A UK-FIRST trial at the Queen Elizabeth University Hospital hopes to utilise artificial intelligence to cut turnaround times for scans and reduce pressures on stretched A&E staff.

In collaboration with Qure.ai, a leading innovator in healthcare solutions, the revolutionary technology will allow emergency department consultants and clinicians to make faster decisions about the care and discharge of patients who require imaging of their head.

The AI technology quickly examines head CT scans and accurately pinpoints critical areas of concern, creating prioritised reporting for radiology staff. It means medical professionals at the flagship hospital in Govan are able to rapidly review imaging, resulting in prompt diagnosis and treatment decisions for patients who may be in a critical condition.

In the first few weeks of the head CT AI implementation over the 2023/24 winter period, the technology analysed 651 non-contrast head CTs, detected 128 head injuries, including cranial fractures, and shifts within patients' brains.

Glasgow Times: AI trial could improve waiting times for CT scans.AI trial could improve waiting times for CT scans. (Image: Supplied)

Professor David Lowe, emergency medicine consultant at NHS Greater Glasgow and Clyde, says the advances can help reduce pressure on hospital staff.

He added: “Emergency departments across the country continue to face challenges, with one person presenting every 90 seconds, potentially requiring brain imaging.

“By utilising the opportunities of innovative AI to help prioritise urgent cases, we will look to deliver critical interventions whilst improving workflow and time in A&E for patients needing scans.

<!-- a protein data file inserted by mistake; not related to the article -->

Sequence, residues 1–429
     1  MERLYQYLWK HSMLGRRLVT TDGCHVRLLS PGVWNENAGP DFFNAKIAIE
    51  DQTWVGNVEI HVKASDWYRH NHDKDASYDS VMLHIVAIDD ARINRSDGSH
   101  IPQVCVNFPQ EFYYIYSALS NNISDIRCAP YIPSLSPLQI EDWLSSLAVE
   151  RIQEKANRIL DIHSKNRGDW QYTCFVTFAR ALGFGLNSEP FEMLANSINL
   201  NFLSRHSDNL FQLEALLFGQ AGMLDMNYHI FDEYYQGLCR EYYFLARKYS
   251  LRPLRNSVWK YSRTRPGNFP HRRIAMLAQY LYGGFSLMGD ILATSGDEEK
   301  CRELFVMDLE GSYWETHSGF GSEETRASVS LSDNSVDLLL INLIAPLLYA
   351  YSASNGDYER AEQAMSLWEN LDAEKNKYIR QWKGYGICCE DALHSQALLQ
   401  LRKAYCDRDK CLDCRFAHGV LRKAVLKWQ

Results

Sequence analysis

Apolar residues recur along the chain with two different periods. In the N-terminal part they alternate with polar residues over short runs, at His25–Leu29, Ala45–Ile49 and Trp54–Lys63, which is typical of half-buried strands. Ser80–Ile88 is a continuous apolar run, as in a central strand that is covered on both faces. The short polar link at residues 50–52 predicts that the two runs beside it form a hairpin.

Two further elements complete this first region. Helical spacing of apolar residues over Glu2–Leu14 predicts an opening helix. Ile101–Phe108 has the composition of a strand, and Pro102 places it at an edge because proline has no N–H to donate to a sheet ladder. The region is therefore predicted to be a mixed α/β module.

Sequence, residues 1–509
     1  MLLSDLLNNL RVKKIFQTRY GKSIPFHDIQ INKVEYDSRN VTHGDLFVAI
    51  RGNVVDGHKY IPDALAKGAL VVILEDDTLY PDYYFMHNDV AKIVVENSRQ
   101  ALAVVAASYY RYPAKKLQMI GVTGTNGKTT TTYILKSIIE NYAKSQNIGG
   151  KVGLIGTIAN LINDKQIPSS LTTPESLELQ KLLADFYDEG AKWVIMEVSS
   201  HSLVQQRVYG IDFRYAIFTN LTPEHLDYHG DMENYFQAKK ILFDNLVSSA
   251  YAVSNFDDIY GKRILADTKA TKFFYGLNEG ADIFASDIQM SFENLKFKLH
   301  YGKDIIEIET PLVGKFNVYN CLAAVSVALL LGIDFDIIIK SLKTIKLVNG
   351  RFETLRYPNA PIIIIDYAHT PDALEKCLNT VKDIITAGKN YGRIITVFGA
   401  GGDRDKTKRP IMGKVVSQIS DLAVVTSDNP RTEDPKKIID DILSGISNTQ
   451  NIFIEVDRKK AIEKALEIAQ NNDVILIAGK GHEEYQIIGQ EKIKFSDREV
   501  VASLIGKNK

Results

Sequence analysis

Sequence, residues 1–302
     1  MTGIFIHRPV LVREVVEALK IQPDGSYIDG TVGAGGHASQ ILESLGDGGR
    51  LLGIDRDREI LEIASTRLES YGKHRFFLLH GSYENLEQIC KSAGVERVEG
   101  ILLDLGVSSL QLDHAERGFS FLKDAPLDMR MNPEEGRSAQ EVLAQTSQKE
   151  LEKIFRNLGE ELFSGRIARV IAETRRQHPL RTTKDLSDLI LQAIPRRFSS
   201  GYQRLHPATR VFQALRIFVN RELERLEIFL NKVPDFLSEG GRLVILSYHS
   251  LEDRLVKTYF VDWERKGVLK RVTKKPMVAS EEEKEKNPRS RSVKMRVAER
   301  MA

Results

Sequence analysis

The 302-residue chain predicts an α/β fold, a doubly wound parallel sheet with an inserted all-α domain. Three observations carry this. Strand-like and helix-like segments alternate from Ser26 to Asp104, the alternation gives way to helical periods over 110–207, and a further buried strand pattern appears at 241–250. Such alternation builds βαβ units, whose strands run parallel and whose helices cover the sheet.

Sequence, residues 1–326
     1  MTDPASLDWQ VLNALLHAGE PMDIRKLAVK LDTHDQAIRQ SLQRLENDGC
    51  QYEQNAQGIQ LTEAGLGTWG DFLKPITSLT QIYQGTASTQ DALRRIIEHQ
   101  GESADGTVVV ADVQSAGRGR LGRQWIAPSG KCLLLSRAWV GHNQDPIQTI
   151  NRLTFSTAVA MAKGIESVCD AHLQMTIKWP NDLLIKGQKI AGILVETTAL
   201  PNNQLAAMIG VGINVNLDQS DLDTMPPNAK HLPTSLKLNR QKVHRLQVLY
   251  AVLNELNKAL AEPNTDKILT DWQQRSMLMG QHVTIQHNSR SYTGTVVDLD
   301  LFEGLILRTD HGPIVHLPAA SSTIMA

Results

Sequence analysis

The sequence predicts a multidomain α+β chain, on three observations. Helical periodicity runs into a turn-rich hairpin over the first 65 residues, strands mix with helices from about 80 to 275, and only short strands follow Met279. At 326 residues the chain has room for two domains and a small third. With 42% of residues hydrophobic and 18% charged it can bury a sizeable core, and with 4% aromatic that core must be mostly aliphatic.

“The study looks to provide evidence to support adoption of AI across four centres in the UK. We hope this will support clinical teams in decision making to deliver critical care, reassurance and, when appropriate, discharge releasing capacity and space for patients."

The project, which is called ACcEPT (Assess the Clinical Effectiveness in Prioritising CT Heads), commenced at the QEUH and is one of four planned NHS sites across the UK, utilising the new cutting edge technology.

Denise Brown, director of digital services at NHS Greater Glasgow and Clyde, added: “It is important to establish reliable evidence on the impact and value of AI solutions, and to determine how they best support clinical decision making.

“Our digital strategy enabled by AI brings together NHS Greater Glasgow and Clyde’s expertise on research, innovation and the operation of AI solutions at scale, while working closely with colleagues in academia.”

Darren Stephens, senior vice president and commercial head at Qure.ai for UK and Europe, also believes the trial offers the chance to help relieve pressure on A&E staff - and save lives.

He said: “This is an exciting step forward for AI in NHS emergency departments. Providing digital health tools that can create calm and give informed prioritisation of urgent cases to support stretched clinical teams, especially at night or weekends, is very advantageous. It may help reduce CT scan-to-reporting turnaround times and give rapid alerts of critical findings that will boost the speed of treatment given to patients.”